The book can finally be closed on the trucking company "undercharge epidemic."

The Journal of Commerce newspaper reports the Surface Transportation Board has settled the last undercharge case stemming from the 1990s. In these incidents, a bankrupt carrier or its trustee tried to collect from a shipper the difference between what they paid and the actual rate the carrier had on file with the now defunct Interstate Commerce Commission.
The STB ended the matter by denying the effort of the bankruptcy estate of Willig Freight Lines in trying to collect claims from Shuford Mills for hauls made from 1993 and 1994.
Trucking company undercharges became widespread in the early 1990s, thanks to a 1990 ruling by the U.S. Supreme Court that found such claims were valid. The decision help spur many undercharge claims, eventually totaling some $27 billion being billed to shippers.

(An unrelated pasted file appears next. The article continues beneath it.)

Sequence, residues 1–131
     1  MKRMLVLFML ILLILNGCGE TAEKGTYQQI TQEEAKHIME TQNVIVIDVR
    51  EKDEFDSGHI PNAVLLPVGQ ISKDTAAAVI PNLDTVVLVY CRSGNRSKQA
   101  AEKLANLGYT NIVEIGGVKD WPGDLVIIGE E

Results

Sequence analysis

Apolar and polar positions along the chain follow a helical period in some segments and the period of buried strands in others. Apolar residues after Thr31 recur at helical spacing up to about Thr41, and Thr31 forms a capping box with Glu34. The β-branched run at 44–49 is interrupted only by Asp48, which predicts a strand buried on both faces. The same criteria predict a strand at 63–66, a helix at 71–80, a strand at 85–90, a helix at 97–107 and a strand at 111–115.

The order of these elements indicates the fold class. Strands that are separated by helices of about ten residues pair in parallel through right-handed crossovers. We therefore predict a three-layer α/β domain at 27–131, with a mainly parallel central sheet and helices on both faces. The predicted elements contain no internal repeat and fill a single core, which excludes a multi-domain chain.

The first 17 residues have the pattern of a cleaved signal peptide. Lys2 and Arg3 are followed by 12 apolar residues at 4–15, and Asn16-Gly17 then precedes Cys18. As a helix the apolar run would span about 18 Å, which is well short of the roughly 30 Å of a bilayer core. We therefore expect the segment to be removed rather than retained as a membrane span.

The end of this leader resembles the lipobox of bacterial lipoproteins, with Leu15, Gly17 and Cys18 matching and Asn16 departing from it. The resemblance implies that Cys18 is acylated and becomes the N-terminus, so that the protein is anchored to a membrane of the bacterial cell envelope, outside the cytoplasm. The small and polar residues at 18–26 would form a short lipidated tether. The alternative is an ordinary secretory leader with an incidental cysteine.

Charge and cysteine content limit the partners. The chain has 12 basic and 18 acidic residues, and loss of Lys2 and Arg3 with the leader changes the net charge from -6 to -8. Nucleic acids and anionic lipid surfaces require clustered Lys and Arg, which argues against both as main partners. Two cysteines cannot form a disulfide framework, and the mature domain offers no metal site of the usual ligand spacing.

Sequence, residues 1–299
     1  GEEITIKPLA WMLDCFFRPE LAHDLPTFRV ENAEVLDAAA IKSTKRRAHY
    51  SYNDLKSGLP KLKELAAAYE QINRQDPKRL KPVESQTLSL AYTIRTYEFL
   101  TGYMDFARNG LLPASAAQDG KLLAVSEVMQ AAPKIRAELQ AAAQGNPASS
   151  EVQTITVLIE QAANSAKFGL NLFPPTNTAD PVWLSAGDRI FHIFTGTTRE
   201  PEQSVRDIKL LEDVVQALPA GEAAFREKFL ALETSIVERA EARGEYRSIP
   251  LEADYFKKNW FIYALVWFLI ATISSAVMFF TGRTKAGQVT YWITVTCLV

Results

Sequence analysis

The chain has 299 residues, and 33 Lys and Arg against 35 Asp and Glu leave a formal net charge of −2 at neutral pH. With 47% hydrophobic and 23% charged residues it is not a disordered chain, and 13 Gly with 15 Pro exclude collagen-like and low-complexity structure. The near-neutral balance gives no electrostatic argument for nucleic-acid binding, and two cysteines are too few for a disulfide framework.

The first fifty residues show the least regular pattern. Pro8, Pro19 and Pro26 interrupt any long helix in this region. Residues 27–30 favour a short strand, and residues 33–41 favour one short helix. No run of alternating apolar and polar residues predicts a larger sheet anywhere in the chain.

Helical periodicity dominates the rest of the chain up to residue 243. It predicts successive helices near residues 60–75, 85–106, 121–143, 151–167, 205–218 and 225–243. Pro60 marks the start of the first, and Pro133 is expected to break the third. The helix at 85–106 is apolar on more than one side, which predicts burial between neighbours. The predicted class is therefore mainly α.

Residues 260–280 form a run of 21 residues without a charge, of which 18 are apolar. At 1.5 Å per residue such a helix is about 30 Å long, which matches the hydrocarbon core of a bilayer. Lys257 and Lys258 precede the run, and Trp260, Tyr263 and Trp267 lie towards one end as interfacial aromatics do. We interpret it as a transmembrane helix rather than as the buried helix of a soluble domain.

One widely reported case in particular illustrates the epidemic. Lloyd Whitaker was the trustee for long-bankrupt trucking company PIE Nationwide. Whitaker made it his mission in life to recover every penny he could. He went so far to even try to force a group of nuns to pay the difference in the filed rate and what they actually paid the carrier for services. Whitaker was unapologetic, saying he was just doing his job.
Congress finally stepped in and passed the Negotiated Rates Act of 1993, allowing the ICC, and later the STB, to say claims of undercharges were wrong. The bill was pushed by current Secretary Of Transportation nominee Normal Mineta when he was in Congress.